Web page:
ELIZABETH BRACKETT: In February, United revealed its answer to competition from the low-cost airlines: A low-cost operation of its own. "Ted," short for "United," is aimed at the leisure market, with lower fares and perks such as Tedvision and Tedtunes, free overhead video and music programming. Based in Denver, Ted plans to have 160 daily flights by the end of the year. But it's not the completely separate low-cost airline with a separate wage structure that United was touting as its way out of bankruptcy last year. United's vice president of operations, Peter McDonald:
PETER McDONALD: A year ago, we were looking at a different low-cost operation that would actually be separate from United. We have to come to agreement with our employees on something different, which is Ted, we have today, and we're making very good use of it. It's lower cost than our... significantly lower cost than our mainline operation, and we're finding it's being received extremely well by our customers.
ELIZABETH BRACKETT: But since United's unions wouldn't agree to take lower wages to fly Ted, the low- cost operation may not do much for United's bottom line. Ed Faberman's organization, the Air Carriers Association of America, represents low-cost carriers who are in competition with United.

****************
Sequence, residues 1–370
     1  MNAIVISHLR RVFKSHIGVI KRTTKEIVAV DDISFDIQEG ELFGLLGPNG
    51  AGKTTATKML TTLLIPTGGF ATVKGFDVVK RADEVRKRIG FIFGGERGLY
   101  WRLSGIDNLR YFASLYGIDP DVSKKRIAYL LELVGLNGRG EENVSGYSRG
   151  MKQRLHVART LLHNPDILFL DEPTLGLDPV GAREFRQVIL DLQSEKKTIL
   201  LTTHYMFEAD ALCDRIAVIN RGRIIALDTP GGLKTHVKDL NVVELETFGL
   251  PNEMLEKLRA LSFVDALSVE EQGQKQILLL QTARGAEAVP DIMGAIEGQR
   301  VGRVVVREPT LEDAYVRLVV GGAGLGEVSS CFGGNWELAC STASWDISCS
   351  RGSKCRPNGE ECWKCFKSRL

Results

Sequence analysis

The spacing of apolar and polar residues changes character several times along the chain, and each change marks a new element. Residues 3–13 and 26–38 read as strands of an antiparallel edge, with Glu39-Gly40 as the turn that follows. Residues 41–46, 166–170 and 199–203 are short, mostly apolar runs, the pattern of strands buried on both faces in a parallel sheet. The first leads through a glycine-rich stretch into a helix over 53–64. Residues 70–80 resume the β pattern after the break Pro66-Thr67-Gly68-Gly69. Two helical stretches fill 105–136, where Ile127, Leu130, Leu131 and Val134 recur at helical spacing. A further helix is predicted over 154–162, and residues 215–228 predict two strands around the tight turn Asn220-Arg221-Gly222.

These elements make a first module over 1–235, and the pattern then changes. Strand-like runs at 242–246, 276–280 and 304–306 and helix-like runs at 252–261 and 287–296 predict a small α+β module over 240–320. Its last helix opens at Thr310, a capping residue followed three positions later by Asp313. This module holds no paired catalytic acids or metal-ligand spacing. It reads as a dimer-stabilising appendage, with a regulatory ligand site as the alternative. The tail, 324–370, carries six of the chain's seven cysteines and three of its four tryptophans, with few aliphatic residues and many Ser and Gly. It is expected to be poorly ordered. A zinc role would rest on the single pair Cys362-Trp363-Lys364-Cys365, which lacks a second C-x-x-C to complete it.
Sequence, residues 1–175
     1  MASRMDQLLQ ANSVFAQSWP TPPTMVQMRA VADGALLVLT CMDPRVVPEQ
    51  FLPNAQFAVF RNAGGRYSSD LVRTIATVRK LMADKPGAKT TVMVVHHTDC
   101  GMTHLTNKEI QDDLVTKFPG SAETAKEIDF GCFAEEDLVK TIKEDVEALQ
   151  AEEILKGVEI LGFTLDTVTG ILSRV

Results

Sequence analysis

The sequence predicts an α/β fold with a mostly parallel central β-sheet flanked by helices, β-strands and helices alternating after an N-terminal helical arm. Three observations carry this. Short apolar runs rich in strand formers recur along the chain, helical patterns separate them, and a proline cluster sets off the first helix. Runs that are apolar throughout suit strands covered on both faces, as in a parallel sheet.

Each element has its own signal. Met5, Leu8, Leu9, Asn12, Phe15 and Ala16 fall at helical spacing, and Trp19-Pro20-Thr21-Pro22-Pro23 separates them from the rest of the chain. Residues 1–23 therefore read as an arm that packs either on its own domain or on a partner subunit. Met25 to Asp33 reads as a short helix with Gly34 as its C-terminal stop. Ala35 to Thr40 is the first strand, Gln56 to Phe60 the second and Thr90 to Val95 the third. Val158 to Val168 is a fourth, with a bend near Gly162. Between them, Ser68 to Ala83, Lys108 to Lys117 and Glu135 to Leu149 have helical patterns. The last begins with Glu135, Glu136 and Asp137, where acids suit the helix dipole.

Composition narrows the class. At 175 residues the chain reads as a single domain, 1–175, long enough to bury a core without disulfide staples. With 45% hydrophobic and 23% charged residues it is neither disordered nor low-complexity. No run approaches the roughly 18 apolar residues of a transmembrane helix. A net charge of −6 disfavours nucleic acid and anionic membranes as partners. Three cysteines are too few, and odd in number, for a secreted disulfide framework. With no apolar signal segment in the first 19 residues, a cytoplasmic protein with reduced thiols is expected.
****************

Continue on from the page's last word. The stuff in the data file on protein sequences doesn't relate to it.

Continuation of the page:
ED FABERMAN: All Ted is, is they've taken some of their own planes, using their same crewmembers, using the same ground people who are making the same amount of money they're making when they operate United's flights, and putting them on a newly configured aircraft with new paint schemes called Ted. And they're offering $99... $49 fares out of Dulles Airport. They're offering low fares out of Denver and Chicago and other markets. Well, if United can't make money as United, at the rates they're charging, it's hard for us to see how in the long run they're going to make money as Ted.
ELIZABETH BRACKETT: Regardless of Ted's impact, United will have a tough time emerging from bankruptcy without the $2 billion loan guarantee it has applied for from the air transportation stabilization board, the ATSB. Discount airlines represented by the Air Carrier Association have publicly objected to the loan guarantee for United.
SPOKESMAN: None of us believe, quite frankly, that what United is bringing forward today is solely a result of 9/11. And while we have no hard feelings against United, while we certainly want to see every carrier survive, we don't want to see a carrier take funds and use those funds to combat their competitors in what's supposed to be a very open and tough marketplace.